Roll up! Roll up!  Brands that are already investing heavily in LinkedIn will be licking their lips at the prospect of the new publishing power about to be at their finger tips (see the full article on the LinkedIn blog).

LinkedIn influencers, launched in 2012, saw powerful leaders such as Richard Branson, David Cameron & Barack Obama share their expertise in long form blog style articles. Of course there were the usual suspects of social media fame Pete Cashmore (Mashable), Ryan Holmes (Hootsuite) and Jeff Weiner (LinkedIn). And this prestigious status has been mightily sought after by brands – a little bit of research and de-constructing of a few bit.ly links will show you that these articles can drive BIG TRAFFIC. Recent stats released by LinkedIn show that the average Influencer post drives more than 31,000 views and receives more than 250 likes and 80 comments.

Now, let’s not get too carried away here. These influencers and the organisations they represent have been hand picked by the platform (in theory) because they have highly useful, relevant content to share with the LinkedIn user base. One of my favourite phrases at the moment springs to mind, derived from a fantastic presentation courtesy of Velocity Partners CEO Doug Kessler, “deluge of crap content“. Whilst at the moment LinkedIn are slowly rolling out publisher privileges (25,000 additional members in the last 2 days), the full roll-out sees this capability to all of the 220+ million user base and this could spell potential problems flooding the platform with variable quality content… Let’s hope LinkedIn are happy with their content algorithm!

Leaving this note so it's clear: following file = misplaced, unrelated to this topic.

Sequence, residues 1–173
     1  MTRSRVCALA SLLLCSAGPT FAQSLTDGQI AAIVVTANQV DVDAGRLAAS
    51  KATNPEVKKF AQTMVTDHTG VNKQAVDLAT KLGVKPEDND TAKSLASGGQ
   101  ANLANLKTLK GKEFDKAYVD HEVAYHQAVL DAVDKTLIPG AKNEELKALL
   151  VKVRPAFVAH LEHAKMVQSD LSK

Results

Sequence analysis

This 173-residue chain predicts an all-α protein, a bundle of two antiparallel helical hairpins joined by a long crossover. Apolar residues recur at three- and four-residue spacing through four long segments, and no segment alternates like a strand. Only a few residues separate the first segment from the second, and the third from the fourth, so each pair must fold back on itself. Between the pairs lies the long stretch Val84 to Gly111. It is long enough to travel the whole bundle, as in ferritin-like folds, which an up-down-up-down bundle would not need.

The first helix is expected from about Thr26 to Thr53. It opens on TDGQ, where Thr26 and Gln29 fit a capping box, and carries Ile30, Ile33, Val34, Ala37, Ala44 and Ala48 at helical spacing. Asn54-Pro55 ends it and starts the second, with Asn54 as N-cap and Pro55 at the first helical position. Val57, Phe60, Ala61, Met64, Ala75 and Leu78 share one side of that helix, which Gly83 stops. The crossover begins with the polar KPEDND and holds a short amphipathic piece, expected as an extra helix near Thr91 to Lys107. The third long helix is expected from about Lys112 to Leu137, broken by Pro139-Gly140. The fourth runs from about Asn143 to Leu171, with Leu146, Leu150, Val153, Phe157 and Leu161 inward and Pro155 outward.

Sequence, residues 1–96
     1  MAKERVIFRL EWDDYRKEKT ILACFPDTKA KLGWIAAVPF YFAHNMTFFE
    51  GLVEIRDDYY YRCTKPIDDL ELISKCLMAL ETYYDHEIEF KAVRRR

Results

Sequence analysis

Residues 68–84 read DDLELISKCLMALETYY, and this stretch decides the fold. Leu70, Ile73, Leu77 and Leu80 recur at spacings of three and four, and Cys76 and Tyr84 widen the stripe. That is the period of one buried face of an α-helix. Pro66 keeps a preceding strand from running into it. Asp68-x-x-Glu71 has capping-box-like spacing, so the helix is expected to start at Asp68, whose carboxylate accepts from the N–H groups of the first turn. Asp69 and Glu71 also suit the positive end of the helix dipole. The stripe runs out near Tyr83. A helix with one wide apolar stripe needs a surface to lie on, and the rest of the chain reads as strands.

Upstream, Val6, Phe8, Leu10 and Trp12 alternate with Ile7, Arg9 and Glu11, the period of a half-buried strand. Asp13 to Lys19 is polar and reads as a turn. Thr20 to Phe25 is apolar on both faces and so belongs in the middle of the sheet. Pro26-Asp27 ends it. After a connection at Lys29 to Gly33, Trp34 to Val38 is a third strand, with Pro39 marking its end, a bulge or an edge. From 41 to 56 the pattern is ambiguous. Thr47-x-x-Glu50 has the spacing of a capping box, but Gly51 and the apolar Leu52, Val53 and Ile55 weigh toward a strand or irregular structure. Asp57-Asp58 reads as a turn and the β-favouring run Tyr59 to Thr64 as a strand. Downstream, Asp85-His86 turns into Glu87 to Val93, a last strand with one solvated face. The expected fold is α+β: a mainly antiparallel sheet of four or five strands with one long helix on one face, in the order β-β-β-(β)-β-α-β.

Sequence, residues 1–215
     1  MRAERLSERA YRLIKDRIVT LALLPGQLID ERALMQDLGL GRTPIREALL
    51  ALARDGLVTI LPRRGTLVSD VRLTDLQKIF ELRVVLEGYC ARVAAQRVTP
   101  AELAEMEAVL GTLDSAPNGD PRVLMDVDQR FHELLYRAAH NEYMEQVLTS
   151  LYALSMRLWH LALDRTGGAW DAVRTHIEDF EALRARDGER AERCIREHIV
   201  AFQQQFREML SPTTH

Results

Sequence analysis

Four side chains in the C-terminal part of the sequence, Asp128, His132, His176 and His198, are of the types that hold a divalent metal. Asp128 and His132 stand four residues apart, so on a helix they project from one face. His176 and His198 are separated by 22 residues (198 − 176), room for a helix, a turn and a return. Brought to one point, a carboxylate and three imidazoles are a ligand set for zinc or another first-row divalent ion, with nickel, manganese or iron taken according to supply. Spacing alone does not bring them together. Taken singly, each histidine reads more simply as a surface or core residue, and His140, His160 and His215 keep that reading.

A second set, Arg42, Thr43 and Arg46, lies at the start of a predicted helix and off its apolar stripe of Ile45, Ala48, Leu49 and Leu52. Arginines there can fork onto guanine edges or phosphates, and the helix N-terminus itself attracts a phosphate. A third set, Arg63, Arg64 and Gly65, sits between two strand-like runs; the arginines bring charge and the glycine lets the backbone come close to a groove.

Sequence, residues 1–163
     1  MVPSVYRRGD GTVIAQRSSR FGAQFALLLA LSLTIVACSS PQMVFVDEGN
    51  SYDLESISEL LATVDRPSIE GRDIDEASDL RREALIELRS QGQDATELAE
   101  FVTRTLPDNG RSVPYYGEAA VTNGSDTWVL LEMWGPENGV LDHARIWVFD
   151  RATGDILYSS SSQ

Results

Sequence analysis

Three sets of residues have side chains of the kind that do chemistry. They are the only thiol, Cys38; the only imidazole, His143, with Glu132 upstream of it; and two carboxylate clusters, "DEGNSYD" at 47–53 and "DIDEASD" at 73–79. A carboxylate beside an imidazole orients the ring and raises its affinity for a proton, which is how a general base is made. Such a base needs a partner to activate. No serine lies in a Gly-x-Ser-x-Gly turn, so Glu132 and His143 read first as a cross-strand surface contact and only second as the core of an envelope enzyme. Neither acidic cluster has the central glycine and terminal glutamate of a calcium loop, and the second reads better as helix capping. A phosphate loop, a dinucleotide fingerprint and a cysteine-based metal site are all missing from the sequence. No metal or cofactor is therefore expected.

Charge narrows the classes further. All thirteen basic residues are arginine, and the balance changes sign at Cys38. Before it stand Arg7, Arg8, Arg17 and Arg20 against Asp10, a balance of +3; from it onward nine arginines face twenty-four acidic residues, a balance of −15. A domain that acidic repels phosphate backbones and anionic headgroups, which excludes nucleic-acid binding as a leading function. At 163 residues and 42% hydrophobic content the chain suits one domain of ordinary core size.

However, that said, the potential for users to build a professional following (outside of their connections) through the proliferation of blog style content which can include photos, images, videos and Slideshare presentations is VERY EXCITING. It is a big opportunity for brands to deploy their “subject matter experts” and “thought leaders” to carry unique content on behalf of the brand and for individuals themselves to build their own personal brand.

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